|De Pallandt||}||Korte Houtstraet chez Scheuer|
|Hekeren De Brantsenbourg Heeregragt|
|Grand Pensionaire Van Blyswijk Heeregragt|
|Van Citters—Princesse gr[acht] à coté de 1’Amte. d’Amst. |
|Bigot—Kl[eine] Voorhout, over York’t hoek|
|Sloet tot de Haar Voorhout|
|Snelle à coté de Patras au Voorhout|
|Nordwyk Voorhout à coté de M. Varel|
|Valkenburgh. Ibid à coté de Noordwyk|
|Van der Goes Ibid. Maison de Rhoon|
|Nagel Ibid à coté de Rosendaal|
|Tork de Rosendaal Pere &||}||Le Coin du Voorhout & Kneuterdyk|
|& le Fils|
|Twent Noord Einde vis a vis la vieille cour|
|G. De Randwyk. Ibid la 2e. m[aiso]n de la Vieille Cour|
|Greffier Fagel.2 Ibid|
|Comte de Welderen Oude Mol-Straet|
|Tromer. Papestraet [chez] le Kamer bewaar[d]er Mey|
|Linden de Hemmen Beeste markt|
|De Schepper. Vlamingstraet, chez Villeneuve|
|Van der Lely. Logement de Delft au Hoogstraet|
|Bowens. Hoogstraet ibid.|
|D’Escury. Sur la Place V[erte].|
|Rengers. Vyverberg, la 2d. m[aiso]n de Du Tour|
|Lynden de Swanenburg, près de Rengers Ibid.|
|Ysselstein. chez Monsr. Champ Fleury, au Tournoy Veld.|
|De Lynden||}||Tournoy-veld, au v[ieu]x Doelen|
|Hope—Plein, au Log[emen]t D’Amsterdam|
|Wieling ibid, à coté de M. Stein|
|Lynden de Blitterswyck. Ibid.|
|De Beere chez D’Avans dans le L. Pooten.|
|Van der Haar. Spuy aux 7. Egl[ises] de R[ome].|
|Leenhof de L’Espierve, introuvable|
|Dordrecht||Au long Vivier.||8|
|Haerlem||Au court Vivier.||9|
|M[ess]rs.||Cornet Env. Extr. de l’El[ecteur] de Col[ogne]|
|De St. Saphorin Env. Extr. du R. de Danmark|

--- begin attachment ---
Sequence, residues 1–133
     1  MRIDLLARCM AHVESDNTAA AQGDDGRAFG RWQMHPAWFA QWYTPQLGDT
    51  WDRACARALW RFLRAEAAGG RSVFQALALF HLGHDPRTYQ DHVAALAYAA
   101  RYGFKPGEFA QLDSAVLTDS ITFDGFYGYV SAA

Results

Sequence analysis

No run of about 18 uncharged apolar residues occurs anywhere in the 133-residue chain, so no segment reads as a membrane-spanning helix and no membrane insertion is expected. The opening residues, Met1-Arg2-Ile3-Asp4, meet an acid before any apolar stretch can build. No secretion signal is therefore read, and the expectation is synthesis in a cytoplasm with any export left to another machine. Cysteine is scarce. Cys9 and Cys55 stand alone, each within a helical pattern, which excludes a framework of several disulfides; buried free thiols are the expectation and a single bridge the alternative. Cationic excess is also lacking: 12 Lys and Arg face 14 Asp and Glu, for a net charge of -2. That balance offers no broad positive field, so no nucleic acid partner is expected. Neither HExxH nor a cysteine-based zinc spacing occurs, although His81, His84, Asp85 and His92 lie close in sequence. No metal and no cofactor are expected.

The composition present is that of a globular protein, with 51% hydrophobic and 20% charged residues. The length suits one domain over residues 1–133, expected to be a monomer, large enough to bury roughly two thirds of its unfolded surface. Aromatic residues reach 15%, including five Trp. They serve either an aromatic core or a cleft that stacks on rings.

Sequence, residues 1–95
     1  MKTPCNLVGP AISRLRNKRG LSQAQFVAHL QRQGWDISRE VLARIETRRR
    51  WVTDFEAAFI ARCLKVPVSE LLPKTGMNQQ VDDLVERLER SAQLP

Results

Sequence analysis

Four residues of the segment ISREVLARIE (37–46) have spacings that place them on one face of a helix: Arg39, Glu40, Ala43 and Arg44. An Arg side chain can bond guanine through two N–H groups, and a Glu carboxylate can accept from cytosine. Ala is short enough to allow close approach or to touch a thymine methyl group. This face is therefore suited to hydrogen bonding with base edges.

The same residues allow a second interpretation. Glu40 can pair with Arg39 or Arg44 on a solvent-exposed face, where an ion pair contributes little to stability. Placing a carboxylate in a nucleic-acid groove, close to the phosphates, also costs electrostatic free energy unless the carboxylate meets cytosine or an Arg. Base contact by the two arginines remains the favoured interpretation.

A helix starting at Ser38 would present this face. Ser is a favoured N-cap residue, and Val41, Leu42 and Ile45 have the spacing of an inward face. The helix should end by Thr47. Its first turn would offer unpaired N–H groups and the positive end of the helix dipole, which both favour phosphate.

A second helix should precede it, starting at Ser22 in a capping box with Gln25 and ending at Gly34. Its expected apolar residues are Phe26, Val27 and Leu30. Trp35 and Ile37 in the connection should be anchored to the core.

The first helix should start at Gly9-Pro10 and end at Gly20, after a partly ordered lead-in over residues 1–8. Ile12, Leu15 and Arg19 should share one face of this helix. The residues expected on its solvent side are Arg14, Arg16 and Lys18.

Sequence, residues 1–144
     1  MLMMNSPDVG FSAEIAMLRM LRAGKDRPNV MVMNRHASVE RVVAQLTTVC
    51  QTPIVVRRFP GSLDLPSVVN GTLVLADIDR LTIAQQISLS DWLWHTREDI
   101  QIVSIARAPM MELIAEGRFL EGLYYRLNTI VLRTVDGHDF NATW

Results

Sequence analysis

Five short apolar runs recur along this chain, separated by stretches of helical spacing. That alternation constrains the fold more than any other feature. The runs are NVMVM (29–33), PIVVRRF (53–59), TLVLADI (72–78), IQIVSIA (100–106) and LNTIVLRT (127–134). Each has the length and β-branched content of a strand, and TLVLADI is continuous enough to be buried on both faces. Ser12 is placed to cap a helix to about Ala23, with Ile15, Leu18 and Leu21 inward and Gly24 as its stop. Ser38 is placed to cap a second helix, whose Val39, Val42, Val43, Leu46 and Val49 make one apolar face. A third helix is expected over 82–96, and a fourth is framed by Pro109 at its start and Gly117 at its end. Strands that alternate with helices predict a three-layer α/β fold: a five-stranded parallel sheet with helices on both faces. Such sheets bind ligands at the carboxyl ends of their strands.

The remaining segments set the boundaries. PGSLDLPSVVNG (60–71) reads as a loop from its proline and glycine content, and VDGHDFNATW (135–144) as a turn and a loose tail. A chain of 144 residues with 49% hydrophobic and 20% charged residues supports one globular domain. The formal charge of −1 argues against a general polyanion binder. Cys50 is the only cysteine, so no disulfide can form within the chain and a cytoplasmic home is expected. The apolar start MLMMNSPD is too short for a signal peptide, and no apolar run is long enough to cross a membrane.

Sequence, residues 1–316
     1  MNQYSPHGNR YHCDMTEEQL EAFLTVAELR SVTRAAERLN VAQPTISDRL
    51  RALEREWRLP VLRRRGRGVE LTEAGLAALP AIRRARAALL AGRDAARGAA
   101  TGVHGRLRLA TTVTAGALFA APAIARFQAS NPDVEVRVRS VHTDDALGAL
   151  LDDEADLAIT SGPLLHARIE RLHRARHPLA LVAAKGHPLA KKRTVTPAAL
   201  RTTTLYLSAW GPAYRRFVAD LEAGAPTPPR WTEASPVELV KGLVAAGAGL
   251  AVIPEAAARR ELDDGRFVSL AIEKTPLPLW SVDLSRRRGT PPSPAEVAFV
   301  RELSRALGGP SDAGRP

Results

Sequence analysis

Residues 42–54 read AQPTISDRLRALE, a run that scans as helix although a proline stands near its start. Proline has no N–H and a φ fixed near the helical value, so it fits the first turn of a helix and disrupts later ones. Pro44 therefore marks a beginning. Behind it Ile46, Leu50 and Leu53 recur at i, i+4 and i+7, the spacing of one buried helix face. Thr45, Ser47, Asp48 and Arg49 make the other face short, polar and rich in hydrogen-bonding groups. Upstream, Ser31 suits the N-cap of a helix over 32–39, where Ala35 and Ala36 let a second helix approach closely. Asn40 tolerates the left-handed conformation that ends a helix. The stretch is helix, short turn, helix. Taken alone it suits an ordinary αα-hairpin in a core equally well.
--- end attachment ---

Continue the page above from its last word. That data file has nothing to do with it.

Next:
|B. De Reischach, Env. Extr. & Min. Plenipo. de L’Emp.|
|D. Joas Theolonico de Almeida, Env. Extr. de Portug.|
|B. De Thulemeyer Env. Extr. du R. de Pr.—Lorrestraet|
|Prince de Gallitzin, Env. Extr. de L’Imp. de Russie. Voorhout|
|Markow do. Mar. de Turenne.6|
|Le Cte. Montagnini de Mirabel, Min. Plen. du R. de Sard.|
|Bn. D’Eeren Schwerd Env. Extr. de Swede. Westeinde|
|Magis Min. du P[rin]ce. de Liège. Houtweg.|
|Martens Min. Res. des Villes Hanseat.|
1. From Lb/JA/19 (Adams Papers, Microfilms, Reel No. 107), a letterbook bound in parchment-covered boards, on the front cover of which JA wrote: “Holland France England / 17220.127.116.11.”
Though JA dated two of the headings in the present document in May 1782, the whole memorandum unquestionably belongs to April in that year, immediately after the States General of the United Netherlands voted, 19 April, to receive his credentials as minister plenipotentiary from the United States. On 23 April JA wrote to R. R. Livingston: “The greatest Part of my Time for several Days has been taken up in receiving and Paying of Visits, from all the Members and officers of Government, and of the Court, to the Amount of 150 and more” (LbC, Adams Papers). It is impossible to suppose that these ceremonial visits were repeated a month later, and there is other evidence (see note 5) indicating that the memorandum applies to April rather than May.